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Charlotte Amalie
Sunday, January 29, 2023
HomeNewsArchivesSt. Croix's 'Simplicity of Life' Is Being Changed by Outside Cultures

St. Croix's 'Simplicity of Life' Is Being Changed by Outside Cultures

Dear Source,
I am looking at this site for the first time today. The only thing I can do is lament for the natives. My grandfather is a Crucian and he still lives in C'Sted. Although I haven't been able to afford to visit yet, I feel your pain. The island's heritage is my heritage. It's sad that the police force has not been influential in lowering the crime rate. The big picture is noteworthy, too. Despite the fact that "society" is ever changing, and change is inevitable, the rich history is in danger of being lost.
My mother has told me all of the wonderful stories of the simplicity of life prior to the United States having anything to do with the island. I'm deeply saddened when I speak to my grandfather and his intonation sounds like the island is so bad that he is actually waiting to die. I appreciate the wealth of fighting spirit that I've always associated with the islands. "We" were the ones who revolted. We were the ones that made life worth living. It's a sad shame to feel like the glory days are passing. The "jump up" carnivals, the Moko Jumbies, native foods and means of living are becoming outdated and restricted and outlawed. Carnival is oppressed and scheduled while casinos and poverty and social class differences run rampant. THAT IS THE OUTRAGE!!!
It's an effective method to allow crime when the overall intent is to dispossess the people from the land. It is also effective to allow outside forces to come in with their wealth and power and make a native culture feel as if they fall short — technologically, monetarily and socially — of those who are "visiting." I understand that we are all part of the United States and we live in a materialistic society, but if tourist attitudes don't demonstrate respect for the natives and the land, then they shouldn't be allowed there. The pattern is that in addition to tourists, other cultures are coming there and the natives are leaving. In the long run, the island will be overrun with outside cultures. Who will teach the next generation how to make native dishes? Other people with degrees, offering their "interpretation"? THAT IS AN OUTRAGE!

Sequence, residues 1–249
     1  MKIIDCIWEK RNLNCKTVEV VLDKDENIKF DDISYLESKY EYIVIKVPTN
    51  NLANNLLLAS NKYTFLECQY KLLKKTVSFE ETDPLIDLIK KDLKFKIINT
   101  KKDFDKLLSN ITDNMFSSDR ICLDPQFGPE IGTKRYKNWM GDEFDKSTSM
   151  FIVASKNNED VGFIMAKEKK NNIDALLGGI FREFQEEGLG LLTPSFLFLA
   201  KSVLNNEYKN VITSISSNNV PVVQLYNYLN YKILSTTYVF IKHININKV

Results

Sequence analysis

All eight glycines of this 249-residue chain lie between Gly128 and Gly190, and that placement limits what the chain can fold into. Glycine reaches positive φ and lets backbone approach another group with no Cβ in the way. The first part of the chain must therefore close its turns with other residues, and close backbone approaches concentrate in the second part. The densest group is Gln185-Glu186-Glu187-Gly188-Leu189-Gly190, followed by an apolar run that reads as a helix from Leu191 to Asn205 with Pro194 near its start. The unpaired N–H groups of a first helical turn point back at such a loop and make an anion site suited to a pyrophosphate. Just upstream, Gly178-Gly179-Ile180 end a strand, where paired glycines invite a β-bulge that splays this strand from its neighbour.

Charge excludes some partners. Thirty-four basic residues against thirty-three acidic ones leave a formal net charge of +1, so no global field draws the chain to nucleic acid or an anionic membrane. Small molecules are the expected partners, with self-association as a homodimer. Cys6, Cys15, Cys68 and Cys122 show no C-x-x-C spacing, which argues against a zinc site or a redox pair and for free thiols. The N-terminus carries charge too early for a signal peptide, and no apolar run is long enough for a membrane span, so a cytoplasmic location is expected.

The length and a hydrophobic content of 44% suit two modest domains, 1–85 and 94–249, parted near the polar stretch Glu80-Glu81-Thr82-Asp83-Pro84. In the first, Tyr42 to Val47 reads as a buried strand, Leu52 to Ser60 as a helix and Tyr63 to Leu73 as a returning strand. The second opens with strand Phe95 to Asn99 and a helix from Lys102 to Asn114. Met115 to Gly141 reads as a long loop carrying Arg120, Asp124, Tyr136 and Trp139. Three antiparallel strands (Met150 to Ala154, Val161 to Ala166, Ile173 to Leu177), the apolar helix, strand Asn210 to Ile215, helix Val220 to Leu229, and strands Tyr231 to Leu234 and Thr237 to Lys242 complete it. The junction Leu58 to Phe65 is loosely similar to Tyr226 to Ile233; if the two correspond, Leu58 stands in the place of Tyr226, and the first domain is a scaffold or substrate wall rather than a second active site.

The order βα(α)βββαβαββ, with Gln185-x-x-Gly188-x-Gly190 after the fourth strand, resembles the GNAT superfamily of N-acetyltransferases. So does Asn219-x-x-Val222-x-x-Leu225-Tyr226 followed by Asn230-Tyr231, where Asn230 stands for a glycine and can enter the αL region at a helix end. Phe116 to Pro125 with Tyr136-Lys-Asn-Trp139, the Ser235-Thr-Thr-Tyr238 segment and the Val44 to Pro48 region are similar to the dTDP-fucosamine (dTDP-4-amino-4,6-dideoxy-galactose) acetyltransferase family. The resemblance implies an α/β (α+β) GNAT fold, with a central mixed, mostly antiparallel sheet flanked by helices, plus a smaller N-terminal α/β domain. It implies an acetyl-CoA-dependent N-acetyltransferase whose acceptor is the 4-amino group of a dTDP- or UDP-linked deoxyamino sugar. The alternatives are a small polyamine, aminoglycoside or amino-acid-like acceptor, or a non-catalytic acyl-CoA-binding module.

I intend to keep my "piece of the island" alive and well in my heart and to teach my children about who they are because of where we come from. Please do what is necessary to save our culture. Preserve the stories of St. Croix via the experiences of those who have lived it, not "studied" it. Someday soon, I shall visit my roots. I am proud to be an unbroken African of Ghanaian descent. I'm proud to be an Arawak or Carib Indian and whatever other ethnicity that I happen to be. Although I was born in New York, I am
Proud to be a Crucian!
Angelique Venetis
"A Porter by Rite"

Editor's note: We welcome and encourage readers to keep the dialogue going by responding to Source commentary. Letters should be e-mailed with name and place of residence to source@viaccess.net.

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